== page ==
By control, I predominantly mean control over how their animals are treated; and then, control over the quality of their produce, and finally least important (but still important) the cost of the produce. These three areas concern the good natured consumer and when they begin to see flaws in the system (like Australian authorities increasing free-range classification stocking densities from 5000 birds per hectare to 25,000) people take action. This resurgence in modern chicken keeping has lead to some innovative ways to solve our own high density living challenges; for instance, how to keep chickens in the city environment with custom made coops and runs etc.
Have you ever heard of chicken diapers? That's nappies for chickens not nappies made from chicken feathers. It's really true, they do make diapers for chickens and there is a growing market for them especially in the apartment market for people living in the big cities. Huggies haven't quite got a style out just yet but you never know what the future nappy industry may hold…and keep off the carpet.
I personally couldn't imagine placing a diaper on a chicken because I have a lot of yard they can poop in (the image above was done for demonstration purposes only…yes it was); however, for people in a restricted area (like an apartment) I guess a chicken diaper could make perfect sense. So, why are people ditching their dogs and felines for chooks?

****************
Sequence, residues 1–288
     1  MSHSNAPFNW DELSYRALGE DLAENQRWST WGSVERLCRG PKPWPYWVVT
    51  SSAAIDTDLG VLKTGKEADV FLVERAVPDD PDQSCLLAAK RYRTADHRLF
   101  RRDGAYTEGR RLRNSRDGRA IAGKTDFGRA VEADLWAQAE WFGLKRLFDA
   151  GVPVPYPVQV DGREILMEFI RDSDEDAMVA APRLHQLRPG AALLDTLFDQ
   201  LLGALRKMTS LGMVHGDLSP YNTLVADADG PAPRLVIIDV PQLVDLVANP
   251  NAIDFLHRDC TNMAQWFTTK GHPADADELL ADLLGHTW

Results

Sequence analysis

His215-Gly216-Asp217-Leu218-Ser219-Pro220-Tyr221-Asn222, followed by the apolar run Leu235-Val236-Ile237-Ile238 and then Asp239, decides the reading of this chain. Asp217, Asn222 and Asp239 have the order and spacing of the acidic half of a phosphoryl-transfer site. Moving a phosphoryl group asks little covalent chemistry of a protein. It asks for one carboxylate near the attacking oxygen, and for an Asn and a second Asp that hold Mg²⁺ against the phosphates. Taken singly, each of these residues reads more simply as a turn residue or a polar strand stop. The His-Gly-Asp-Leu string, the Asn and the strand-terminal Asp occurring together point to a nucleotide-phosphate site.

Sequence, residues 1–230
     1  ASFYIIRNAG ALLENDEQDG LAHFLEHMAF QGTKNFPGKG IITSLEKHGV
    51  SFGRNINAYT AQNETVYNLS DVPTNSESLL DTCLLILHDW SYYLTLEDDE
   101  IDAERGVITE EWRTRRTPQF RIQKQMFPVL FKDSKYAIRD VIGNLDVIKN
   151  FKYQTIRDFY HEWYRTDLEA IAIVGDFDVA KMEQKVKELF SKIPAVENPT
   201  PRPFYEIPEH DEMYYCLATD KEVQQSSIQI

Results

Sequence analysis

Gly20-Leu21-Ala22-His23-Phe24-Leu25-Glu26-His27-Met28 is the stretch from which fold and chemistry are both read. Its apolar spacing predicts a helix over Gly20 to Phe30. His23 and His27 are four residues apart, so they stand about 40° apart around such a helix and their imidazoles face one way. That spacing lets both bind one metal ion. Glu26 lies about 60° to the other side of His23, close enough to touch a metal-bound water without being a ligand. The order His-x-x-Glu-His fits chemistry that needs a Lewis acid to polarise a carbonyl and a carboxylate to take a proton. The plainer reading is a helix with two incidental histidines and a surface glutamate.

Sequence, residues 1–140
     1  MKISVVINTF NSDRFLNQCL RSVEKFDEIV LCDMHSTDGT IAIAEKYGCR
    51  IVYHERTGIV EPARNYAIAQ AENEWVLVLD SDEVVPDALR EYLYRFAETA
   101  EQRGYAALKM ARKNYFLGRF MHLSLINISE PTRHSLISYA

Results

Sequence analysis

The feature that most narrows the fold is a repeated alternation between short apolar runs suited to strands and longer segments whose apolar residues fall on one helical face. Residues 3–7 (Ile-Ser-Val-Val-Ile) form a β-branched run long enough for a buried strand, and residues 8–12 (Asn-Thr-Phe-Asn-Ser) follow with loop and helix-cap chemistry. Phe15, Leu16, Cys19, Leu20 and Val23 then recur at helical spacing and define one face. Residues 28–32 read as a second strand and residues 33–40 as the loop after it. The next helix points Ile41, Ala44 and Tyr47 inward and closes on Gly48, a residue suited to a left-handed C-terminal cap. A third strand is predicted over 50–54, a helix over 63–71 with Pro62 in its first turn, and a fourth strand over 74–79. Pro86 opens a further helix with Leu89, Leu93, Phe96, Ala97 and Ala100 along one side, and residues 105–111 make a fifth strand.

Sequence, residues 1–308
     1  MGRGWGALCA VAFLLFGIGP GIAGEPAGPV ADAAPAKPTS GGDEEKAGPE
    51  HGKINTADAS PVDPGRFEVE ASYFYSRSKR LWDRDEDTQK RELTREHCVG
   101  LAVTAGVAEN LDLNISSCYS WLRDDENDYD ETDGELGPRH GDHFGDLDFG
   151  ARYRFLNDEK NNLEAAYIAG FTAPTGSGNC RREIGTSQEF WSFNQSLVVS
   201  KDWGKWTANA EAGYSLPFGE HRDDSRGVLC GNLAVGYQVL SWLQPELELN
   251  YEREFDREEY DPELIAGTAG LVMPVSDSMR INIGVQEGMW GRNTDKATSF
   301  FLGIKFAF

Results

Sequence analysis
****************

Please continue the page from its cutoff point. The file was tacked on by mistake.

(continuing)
For a start, cats, dogs, and chickens all poop and out of the three chicken manure is the best. If a person is living in a restricted place like a town-house or an apartment, traditional pets like dogs and cats can still be a hassle; whereas, a chicken is relatively quiet and doesn't yap like a dog (unless she's laying an egg) and a chicken won't claw your living room sofa to pieces like a cat can.
Also, chickens are pretty easy and cheap to sustain with a pelletised feed and the odd salad scrap from the table being all that is necessary. Of course, a hen is a walking omelette machine and that's one trendy kitchen appliance for modern apartment living – it's hard for little Rover in a handbag to top egg production.
And, people just aren’t keeping chickens because they make good pets and eggs; that's just part of the equation, people are choosing to keep chickens for political and animal rights reasons. We're not stupid, we see the shrinking space and diminishing regulations classifying free-range chickens and the like. More people are better educated on animal welfare than ever before yet some authorities narrow mindedly bow to commercial producers and relax regulations thinking the public will not realise their conscience and take action.
However, slowly but surely people are seeing through the spin and realising not all free-ra